As the north end of the Las Vegas Strip took another hit with the Lucky Dragon announcing the closure of its casino and restaurants, just over a year after opening, experts are still waiting for a project to strike success in the area that has shown dismal performance in the last decade.
David Schwartz, the director of UNLV’s Center for Gaming Research, said it was disheartening to hear about the Lucky Dragon’s cutbacks, because of the jobs lost.
He says the Lucky Dragon’s location is the biggest hurdle, as has been the problem with neighbors at the SLS.
The answer to the problem is simple in theory according to Schwartz, “get more people there.”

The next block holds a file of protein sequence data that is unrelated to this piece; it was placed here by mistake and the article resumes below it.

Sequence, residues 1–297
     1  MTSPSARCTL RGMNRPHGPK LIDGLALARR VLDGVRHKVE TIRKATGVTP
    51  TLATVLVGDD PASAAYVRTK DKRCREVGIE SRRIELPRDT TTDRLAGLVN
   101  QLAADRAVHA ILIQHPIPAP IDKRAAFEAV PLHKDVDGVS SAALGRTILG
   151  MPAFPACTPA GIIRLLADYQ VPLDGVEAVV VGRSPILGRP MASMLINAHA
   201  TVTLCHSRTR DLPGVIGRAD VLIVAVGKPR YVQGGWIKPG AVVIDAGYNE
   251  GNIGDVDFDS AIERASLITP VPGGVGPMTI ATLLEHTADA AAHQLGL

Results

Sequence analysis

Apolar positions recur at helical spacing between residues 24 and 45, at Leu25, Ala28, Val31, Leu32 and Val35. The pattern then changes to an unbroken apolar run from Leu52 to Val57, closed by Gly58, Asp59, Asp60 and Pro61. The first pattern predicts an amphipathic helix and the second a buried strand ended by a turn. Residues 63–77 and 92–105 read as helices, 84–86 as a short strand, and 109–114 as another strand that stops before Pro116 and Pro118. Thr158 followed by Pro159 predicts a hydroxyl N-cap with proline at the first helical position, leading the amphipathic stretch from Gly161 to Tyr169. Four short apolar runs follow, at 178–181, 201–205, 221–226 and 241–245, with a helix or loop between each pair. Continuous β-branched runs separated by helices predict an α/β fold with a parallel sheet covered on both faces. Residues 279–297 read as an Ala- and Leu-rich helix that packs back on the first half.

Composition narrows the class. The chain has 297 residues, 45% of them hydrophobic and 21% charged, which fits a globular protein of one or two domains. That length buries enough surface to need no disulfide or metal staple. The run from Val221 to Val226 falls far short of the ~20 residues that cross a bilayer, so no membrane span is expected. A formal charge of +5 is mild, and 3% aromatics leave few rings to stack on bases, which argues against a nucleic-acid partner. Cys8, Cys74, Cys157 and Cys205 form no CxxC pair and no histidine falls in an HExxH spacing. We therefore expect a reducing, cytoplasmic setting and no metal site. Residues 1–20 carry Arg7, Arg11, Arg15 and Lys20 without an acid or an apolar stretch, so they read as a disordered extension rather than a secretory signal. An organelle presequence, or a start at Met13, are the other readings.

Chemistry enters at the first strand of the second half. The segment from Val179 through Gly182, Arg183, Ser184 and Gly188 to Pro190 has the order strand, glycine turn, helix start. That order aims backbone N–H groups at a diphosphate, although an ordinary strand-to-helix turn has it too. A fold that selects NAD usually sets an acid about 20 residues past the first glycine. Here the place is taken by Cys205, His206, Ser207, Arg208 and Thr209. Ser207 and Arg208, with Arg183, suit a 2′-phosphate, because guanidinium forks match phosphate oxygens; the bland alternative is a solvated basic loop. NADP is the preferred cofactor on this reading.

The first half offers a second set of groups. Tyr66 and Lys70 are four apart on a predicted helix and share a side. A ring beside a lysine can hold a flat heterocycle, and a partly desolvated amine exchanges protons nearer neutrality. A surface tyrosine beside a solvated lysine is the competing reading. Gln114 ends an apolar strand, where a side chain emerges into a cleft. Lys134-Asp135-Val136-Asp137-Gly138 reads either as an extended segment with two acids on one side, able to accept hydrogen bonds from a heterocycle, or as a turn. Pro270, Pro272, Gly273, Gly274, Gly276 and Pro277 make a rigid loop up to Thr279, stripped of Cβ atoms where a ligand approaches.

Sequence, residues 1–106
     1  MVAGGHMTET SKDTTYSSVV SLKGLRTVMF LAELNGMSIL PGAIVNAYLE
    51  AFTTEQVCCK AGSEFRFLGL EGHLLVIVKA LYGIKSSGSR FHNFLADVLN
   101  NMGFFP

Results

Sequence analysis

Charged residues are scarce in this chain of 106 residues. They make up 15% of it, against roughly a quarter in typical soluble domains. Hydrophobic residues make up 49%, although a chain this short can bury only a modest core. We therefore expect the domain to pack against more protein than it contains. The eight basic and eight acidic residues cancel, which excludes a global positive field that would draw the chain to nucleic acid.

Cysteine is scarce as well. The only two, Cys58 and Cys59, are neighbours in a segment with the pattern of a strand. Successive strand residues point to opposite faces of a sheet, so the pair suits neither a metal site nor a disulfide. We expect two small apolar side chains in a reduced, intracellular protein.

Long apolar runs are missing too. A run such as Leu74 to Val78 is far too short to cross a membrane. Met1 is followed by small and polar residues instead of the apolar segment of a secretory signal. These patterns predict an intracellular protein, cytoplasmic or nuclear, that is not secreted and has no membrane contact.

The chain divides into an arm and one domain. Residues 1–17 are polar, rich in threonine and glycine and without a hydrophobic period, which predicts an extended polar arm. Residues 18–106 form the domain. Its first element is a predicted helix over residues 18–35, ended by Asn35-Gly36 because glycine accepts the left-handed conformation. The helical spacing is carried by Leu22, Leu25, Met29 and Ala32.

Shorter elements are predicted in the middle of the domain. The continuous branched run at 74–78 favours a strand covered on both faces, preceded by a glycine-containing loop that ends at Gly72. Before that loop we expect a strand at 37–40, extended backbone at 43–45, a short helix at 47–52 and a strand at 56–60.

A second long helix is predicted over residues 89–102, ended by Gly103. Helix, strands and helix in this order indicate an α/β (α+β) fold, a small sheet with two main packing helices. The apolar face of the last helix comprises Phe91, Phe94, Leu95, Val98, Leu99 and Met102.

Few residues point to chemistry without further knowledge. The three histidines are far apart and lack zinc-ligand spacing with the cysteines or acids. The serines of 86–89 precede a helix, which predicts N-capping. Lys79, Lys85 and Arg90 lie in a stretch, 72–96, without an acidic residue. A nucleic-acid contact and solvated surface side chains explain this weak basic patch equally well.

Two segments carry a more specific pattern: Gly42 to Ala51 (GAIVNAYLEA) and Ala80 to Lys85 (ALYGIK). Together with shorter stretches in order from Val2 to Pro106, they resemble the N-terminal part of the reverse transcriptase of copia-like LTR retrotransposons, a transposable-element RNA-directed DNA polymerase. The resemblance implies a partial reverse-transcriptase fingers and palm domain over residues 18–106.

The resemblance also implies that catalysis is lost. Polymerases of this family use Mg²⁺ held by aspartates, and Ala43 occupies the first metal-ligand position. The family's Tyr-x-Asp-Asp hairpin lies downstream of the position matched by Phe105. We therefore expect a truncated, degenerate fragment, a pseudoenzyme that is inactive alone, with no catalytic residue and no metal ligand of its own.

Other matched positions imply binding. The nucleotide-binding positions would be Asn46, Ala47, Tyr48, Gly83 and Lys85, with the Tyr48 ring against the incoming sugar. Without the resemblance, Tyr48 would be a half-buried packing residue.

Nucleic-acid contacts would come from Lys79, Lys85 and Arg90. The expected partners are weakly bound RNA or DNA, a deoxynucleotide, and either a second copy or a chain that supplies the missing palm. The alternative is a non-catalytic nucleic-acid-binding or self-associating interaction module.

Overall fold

That is easier said than done as proven by the long list of projects have faced sluggish progress or outright failure over the last decade.
They include the Alon, Rock in Rio, Resorts World and the monument to stagnation, the Fontainebleau.
Schwartz says the area can return to its former glory.
"It just runs in cycles, and it is a question of getting more investment and development in that area to draw more people, which will lead to more foot traffic," Schwartz said.
There are signs of hope.
A handful of cranes are hard at work at Resorts World and the Riviera is being replaced by an expanded Las Vegas Convention Center.
The Fontainebleau has been purchased with plans to complete the project under its new name, Project Blue
Schwartz says funding to complete that work is hard to keep flowing.
"Why would you want to invest in a place where other people are having trouble. It is kind of paradoxical, but that is what it takes," Schwartz said.
Only time will tell if the momentum will keep building and act as a magnet to draw tourists.